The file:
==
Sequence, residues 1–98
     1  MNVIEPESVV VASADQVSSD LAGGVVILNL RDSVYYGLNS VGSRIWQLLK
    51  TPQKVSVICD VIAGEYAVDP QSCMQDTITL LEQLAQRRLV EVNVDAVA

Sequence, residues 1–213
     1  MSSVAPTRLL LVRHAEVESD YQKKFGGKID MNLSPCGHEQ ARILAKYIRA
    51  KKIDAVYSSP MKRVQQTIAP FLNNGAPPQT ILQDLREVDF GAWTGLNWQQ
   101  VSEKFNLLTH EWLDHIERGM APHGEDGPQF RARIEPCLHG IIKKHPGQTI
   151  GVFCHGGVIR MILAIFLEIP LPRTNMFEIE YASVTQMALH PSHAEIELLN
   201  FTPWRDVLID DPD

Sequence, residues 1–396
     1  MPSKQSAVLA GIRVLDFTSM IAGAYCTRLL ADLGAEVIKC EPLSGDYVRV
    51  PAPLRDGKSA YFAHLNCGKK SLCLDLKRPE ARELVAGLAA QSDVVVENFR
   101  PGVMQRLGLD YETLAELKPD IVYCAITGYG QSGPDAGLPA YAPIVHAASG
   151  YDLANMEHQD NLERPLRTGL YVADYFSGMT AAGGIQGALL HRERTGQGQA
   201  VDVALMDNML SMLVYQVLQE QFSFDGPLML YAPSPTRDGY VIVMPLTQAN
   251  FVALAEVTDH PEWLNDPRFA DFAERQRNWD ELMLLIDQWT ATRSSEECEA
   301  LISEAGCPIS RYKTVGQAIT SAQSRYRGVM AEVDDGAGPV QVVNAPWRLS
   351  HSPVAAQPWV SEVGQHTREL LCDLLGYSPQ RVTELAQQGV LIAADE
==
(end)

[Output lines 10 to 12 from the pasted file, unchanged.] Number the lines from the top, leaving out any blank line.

Sequence, residues 1–396
     1  MPSKQSAVLA GIRVLDFTSM IAGAYCTRLL ADLGAEVIKC EPLSGDYVRV
    51  PAPLRDGKSA YFAHLNCGKK SLCLDLKRPE ARELVAGLAA QSDVVVENFR